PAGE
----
This song enters my thoughts every time I hear the first raindrops pitter-patter on the cement. And lately, that's been daily. With all the rain, my mind may be permanently etched with images of light posts, twirling umbrellas, Gene Kelly and that repetitive melody. Oh, how did it go? Ah, yes, now I remember. “I'm singin' in the rain, just singin' in the rain. What a glorious feeling. I'm happy again!” — Leyla Shokoohe, 13, West Chester

Catchy cartoon song

        My sister and I, growing up in the '80s, frequently watched cartoons such as Muppet Babies. During one of the episodes, the water was turned off so that the plumber could work on the pipes (or something to that effect). The Muppets start singing a song in which the chorus is “Oh, no the water's gone! We lost it. Now we found it!”

        Neither my sister nor I can remember any more of the song, but we think of it often when we misplace our water glass. — Ashley Kropf, 18,Anderson Township

It's baaack . . . and not alone

        A plague on both of your houses for suggesting this topic. I hadn't thought about that song in years, and now, like the poltergeist, it's baaack. I wouldn't mind so much if it were a more respectable song, something classical or jazzy. But no, the title says it all: “Shimmy, Shimmy, Ko-Ko-Bop.”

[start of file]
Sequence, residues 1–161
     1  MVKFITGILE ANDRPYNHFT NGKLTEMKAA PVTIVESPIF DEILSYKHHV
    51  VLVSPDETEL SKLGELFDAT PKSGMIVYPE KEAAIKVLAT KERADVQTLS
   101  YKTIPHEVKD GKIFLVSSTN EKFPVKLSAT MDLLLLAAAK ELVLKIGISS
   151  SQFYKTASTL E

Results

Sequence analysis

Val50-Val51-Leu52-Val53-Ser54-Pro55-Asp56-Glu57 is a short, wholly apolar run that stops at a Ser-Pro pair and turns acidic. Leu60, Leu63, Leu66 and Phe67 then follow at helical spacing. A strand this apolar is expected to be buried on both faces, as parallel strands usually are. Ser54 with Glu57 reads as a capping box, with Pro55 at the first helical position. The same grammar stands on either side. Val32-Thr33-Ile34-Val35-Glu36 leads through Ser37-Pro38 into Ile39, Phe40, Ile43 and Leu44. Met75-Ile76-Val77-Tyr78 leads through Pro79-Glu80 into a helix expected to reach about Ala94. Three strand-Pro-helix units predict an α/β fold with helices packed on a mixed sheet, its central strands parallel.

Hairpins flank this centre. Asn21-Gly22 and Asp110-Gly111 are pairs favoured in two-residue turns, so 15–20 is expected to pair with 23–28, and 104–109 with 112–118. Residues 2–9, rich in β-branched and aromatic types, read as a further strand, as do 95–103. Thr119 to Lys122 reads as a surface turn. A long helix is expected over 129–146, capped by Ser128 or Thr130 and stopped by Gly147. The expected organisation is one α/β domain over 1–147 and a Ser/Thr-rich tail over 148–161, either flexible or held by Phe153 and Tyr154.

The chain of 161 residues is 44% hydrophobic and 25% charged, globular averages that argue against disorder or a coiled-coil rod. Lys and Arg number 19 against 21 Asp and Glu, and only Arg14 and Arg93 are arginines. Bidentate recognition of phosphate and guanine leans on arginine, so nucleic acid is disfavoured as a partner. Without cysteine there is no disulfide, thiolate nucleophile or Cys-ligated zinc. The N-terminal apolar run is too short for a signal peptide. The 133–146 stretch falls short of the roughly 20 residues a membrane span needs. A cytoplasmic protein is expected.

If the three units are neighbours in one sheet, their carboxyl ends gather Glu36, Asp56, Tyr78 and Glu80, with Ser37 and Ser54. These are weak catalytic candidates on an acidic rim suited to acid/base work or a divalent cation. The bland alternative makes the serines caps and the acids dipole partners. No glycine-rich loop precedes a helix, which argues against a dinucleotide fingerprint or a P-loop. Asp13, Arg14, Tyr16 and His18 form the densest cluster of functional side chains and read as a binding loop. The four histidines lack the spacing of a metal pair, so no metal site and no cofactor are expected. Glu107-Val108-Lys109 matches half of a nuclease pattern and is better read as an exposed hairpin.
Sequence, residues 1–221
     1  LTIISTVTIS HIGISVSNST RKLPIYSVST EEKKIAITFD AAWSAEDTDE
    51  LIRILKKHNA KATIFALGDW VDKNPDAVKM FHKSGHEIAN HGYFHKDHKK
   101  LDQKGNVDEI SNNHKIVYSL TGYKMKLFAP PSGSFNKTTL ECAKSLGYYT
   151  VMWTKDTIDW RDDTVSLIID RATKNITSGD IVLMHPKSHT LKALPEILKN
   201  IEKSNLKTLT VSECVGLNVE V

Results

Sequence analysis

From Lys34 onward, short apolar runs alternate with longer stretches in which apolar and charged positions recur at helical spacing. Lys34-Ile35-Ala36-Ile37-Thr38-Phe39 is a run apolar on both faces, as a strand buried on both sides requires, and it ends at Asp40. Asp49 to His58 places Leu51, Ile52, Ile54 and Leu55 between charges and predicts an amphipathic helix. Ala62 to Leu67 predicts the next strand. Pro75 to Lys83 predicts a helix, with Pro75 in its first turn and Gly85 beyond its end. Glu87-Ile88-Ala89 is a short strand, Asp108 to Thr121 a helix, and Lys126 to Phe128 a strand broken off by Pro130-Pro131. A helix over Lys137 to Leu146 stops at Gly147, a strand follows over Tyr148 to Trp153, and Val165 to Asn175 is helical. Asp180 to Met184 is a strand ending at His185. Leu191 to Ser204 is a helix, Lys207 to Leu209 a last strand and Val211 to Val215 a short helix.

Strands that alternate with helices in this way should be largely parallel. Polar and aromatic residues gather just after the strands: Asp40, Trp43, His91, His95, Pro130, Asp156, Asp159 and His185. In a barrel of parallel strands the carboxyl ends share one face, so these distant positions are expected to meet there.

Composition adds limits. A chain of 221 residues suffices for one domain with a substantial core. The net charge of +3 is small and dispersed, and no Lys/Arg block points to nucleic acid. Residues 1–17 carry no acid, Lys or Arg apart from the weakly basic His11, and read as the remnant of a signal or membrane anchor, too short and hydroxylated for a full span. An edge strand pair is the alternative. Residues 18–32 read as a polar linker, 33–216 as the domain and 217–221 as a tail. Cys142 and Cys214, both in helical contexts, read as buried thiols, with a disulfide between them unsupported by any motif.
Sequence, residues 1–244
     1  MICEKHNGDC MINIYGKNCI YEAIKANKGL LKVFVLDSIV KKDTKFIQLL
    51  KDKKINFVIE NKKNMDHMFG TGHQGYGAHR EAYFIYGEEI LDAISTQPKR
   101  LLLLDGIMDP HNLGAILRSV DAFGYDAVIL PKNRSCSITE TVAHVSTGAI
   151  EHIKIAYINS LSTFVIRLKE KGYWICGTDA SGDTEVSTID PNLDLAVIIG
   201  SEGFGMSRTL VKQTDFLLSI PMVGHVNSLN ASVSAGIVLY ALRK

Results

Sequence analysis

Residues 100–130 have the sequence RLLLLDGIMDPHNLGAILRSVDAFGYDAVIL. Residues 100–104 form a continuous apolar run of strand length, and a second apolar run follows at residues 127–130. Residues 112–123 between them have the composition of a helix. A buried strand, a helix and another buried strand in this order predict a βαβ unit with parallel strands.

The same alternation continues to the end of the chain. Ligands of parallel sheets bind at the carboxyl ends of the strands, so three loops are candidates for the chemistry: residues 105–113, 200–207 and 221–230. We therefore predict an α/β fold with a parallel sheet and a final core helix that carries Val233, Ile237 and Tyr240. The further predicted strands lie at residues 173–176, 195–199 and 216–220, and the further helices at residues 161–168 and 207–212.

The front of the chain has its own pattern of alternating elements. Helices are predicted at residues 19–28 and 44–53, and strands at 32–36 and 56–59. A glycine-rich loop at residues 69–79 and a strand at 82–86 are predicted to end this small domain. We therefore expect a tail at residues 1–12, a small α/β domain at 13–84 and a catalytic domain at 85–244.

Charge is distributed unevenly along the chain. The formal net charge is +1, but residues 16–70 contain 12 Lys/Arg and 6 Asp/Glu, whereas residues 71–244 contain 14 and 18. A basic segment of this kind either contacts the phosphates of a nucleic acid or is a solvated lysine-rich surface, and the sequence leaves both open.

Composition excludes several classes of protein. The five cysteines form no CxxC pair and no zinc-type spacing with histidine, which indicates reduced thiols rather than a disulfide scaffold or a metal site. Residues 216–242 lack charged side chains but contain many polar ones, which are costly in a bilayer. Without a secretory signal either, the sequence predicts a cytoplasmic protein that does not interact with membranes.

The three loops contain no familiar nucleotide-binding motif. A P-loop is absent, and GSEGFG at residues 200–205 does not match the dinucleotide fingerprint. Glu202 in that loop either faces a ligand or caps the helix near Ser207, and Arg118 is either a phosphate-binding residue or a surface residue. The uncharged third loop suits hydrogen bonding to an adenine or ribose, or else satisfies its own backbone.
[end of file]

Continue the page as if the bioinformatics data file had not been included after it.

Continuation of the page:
For more than a month, that song lived in my teen-age brain. I heard it in the shower, during tests, while watching TV and even in church. (I was sure I would go to hell for that.) I do not know why it stayed. Perhaps it was the beat, but I was glad to see it go.

        When it returned this time, though, it had to share time with the latest melody to haunt me, one from South Pacific. I'm sure it was sparked by recent events, and it's called “You've Got to be Carefully Taught.” — Diana Muehlenkamp, 57, Ryland Heights